On Live Journal mood tracking and zeitgeists…

07/08/2005

There are two or three major things I’m thinking about at the moment – and one of them is zeitgeists. Which brings me rapidly to The World according to LiveJournal which is an awesome tracking system of LiveJournal moods over the last seven days. If you go and look at it now and try moods like ‘sympathetic’, ‘distressed’ or ‘nauseated’ you can see that the bombings in London have had a real impact on people’s moods. If you invetigate more thoroughly you can see that other moods have been inversely affected or show more complex relationships. There was a parallel drop on ‘horny’ during the coverage, an enormous drop in ‘irritated’ which then turned into a spike. Fewer people felt ‘guilty’, more felt ‘grateful’.

A couple of obvious things fall out of this for me – you could use this data to articulate relationships in moods really effectively – which things in the world cause reactions, what kinds of reactions do they cause, which moods are more closely correlated or act against one another. I keep looking for clear moods that you’d expect to see appearing twenty four hours after an event like this, but so far I’m only seeing a few (people seemed to become irate in two major spikes – I wonder why).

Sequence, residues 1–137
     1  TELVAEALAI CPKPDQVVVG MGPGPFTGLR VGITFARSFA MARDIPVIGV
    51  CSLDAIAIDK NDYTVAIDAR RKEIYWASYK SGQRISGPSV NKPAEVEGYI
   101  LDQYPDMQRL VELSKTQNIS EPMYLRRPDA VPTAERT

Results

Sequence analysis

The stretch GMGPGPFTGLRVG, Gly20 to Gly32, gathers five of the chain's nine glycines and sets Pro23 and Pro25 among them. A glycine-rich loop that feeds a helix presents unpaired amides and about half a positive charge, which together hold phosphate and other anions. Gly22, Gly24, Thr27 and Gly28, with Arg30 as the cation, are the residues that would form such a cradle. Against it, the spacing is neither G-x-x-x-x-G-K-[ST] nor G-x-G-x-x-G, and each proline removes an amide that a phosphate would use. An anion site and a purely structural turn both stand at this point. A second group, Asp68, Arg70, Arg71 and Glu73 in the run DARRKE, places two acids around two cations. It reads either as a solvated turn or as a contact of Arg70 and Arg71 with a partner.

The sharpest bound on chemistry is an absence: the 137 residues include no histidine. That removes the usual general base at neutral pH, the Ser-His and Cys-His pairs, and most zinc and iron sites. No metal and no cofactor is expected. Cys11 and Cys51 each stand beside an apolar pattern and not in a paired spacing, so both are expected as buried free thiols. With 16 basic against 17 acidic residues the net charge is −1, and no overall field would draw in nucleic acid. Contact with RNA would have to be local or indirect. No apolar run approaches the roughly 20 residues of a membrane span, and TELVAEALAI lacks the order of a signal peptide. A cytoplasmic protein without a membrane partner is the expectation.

Another obvious thing would be to use this data to alert people to things that were going on in the world or to track trends over time. I believe that LiveJournal knows which country people are from – combining that data with the stuff from the site would be tremendously useful. Sending alerts to news gathering organisations would be interesting too. Mood expression and collation is such a fascinating area and has some real possibilities for data-mining and zeitgeist taking. Can anyone else think of good ways to get this information from people and to employ it – ideally in an open way? The best I can come up with off the top of my head is AIM status messages using controlled vocabularies and opened up in some spiderable fashion…